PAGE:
2 Replies Latest reply on Jul 16, 2011 4:25 PM by msp1518

    Is there a clearer video tutorial on zooming and panning in on clip than this?

    msp1518 Level 1

      http://www.youtube.com/watch?v=_0kt60VAyb8&feature=related

       

      This is sort of helpful, but despite over thre hours work, I cannot get my clip to do what I want.

       

      I need Video Tutorials, not text instruction. i'm dyslexic and simply see gobbldeegupe when looking at written instructions.

       

      Thanks, everyone.

       

      This is the clip in question...

      http://www.youtube.com/watch?v=t6LWzo5n_sg

       

      I want to zoom in to avoid seeing my lady at right of screen, who basically stopped acting in the scene.   The zoom in will be effective anyway, since we are zooming in on an annoyed man. The image would need to zoom in, but not the center of the image. So a pan up also needs to be applied.

        • 1. Re: Is there a clearer video tutorial on zooming and panning in on clip than this?
          msp1518 Level 1

          Well, I figured out somerthing right after posting this, but would still love a clearer tutorial.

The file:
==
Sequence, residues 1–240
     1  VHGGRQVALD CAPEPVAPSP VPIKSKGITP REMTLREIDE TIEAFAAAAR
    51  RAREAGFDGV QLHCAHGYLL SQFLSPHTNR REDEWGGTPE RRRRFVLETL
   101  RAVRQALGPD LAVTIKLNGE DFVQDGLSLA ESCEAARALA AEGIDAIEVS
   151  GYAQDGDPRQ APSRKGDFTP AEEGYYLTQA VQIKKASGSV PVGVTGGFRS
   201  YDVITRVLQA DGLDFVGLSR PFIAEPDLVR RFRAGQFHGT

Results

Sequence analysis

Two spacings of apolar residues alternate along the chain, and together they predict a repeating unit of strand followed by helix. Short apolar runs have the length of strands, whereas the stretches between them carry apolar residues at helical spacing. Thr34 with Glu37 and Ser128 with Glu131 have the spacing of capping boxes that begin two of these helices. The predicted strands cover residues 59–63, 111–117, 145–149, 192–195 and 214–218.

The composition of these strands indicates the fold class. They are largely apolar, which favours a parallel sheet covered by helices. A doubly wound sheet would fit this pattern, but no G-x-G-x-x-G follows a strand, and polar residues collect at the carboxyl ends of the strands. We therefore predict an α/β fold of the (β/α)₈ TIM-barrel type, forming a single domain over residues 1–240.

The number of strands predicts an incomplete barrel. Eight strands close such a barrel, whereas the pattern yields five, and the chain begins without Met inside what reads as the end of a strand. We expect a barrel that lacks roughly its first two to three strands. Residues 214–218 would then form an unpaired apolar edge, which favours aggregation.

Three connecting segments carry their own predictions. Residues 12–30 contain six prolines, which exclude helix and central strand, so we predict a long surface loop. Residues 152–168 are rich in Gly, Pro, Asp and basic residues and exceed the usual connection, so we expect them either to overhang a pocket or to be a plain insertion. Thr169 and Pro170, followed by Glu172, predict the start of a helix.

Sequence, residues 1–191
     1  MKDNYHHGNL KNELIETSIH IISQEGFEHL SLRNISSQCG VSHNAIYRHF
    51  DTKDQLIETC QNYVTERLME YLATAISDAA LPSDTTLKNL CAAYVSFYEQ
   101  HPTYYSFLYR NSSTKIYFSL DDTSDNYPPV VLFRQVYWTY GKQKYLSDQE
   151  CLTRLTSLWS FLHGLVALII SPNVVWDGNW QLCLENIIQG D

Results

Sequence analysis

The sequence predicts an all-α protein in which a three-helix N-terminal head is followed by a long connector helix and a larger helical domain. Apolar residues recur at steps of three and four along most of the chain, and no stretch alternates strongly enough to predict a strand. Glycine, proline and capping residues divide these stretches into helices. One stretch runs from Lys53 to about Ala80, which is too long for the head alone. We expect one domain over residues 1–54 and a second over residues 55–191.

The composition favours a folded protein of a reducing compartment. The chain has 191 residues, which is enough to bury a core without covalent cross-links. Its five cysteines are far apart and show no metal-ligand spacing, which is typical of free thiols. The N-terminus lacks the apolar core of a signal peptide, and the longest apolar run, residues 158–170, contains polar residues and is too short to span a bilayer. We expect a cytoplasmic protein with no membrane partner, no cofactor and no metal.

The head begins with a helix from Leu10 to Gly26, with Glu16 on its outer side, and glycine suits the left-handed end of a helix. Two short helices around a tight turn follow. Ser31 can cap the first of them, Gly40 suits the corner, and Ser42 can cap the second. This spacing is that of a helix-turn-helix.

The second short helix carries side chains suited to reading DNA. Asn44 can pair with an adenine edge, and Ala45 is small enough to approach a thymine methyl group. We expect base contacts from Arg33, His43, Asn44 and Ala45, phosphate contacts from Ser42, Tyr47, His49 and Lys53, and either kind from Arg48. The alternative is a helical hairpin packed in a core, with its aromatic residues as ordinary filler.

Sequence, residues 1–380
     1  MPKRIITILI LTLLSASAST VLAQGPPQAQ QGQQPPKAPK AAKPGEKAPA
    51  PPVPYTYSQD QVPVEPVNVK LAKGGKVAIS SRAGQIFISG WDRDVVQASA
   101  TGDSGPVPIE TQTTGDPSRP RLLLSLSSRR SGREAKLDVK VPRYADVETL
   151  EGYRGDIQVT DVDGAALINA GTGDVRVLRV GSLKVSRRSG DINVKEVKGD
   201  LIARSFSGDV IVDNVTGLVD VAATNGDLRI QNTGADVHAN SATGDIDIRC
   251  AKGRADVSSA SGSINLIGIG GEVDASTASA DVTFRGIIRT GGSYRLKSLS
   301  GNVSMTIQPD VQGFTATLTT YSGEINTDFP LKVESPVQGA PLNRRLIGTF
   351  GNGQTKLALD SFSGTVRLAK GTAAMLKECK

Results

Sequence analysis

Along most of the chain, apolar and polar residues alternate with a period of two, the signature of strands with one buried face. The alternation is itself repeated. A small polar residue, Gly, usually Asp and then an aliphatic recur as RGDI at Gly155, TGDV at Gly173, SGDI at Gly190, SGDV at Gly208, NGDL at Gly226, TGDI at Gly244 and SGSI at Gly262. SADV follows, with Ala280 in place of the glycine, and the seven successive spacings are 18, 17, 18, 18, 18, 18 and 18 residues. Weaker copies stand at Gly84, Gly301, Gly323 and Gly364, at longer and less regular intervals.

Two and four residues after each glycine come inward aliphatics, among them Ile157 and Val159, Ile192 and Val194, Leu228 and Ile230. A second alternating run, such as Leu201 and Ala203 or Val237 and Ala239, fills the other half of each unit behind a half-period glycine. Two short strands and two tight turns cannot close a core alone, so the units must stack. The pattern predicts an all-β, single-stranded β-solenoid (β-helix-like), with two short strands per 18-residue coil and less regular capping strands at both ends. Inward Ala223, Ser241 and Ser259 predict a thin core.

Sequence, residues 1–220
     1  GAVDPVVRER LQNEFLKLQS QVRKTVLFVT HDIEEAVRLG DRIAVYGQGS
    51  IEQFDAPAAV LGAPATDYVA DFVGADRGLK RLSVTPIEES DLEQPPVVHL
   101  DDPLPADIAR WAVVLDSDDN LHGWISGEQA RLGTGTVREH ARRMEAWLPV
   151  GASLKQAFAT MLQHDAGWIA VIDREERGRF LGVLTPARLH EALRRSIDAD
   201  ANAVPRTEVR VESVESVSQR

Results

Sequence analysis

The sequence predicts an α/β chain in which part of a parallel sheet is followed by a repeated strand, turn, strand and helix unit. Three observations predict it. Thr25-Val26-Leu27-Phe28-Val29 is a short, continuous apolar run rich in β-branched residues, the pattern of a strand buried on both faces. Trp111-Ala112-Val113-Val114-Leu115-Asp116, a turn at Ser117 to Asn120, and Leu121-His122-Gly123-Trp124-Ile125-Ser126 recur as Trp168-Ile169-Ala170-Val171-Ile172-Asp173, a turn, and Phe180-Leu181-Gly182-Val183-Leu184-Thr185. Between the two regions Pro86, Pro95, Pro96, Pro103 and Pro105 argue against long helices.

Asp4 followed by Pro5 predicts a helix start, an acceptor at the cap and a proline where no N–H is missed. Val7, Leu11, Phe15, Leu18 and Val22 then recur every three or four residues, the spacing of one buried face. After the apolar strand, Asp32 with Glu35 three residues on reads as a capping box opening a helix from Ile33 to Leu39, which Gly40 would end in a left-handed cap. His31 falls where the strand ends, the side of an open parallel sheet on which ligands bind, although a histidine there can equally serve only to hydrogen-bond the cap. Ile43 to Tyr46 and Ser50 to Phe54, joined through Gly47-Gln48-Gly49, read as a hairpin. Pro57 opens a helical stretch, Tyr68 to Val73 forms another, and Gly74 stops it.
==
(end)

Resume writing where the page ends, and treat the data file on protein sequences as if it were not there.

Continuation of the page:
• 2. Re: Is there a clearer video tutorial on zooming and panning in on clip than this?
            the_wine_snob Level 9

            That Tutorial covers the basic mechanics of a Pan & Zoom with Keyframes on the Fixed Effects>Motion>Scale (Zoom) and Motion>Position (Pan).

             

            The next step is to learn about Interpolation in Keyframes, where one can adjust how things appear. The Keyframes, that the author used were Linear, so they start at full-speed and end at full-speed. Through Interpolation, one can adjust how the motions begin and end. The Help File covers Keyframe Interpolation ver well, and as there are quite a few choices, with different results, is important when one chooses to alter Interpolation.

             

            What aspects would you like more detail on?

             

            Only thing that I saw, that I would have included, would have been near the end, when the author click-drags on the last Keyframes, one at a time. That can be done, but one can also Lasso the Keyframes, and drag them all together. I'd have shown each way. I would also have shown the "scrubby" characteristic of the numerical coordinate box, as that can be useful too. Many operations in PrPro have more than one way to do things, and to cover each, does make a better tutorial.

             

            Let us know what else could/should be added, or where you are having an issue.

             

            Good luck,

             

            Hunt

             

            PS - rather than the graphical change in Position, that the author used, I usually rely on the numbers, but there is nothing wrong with the graphical method - just personal choice and how one likes to work.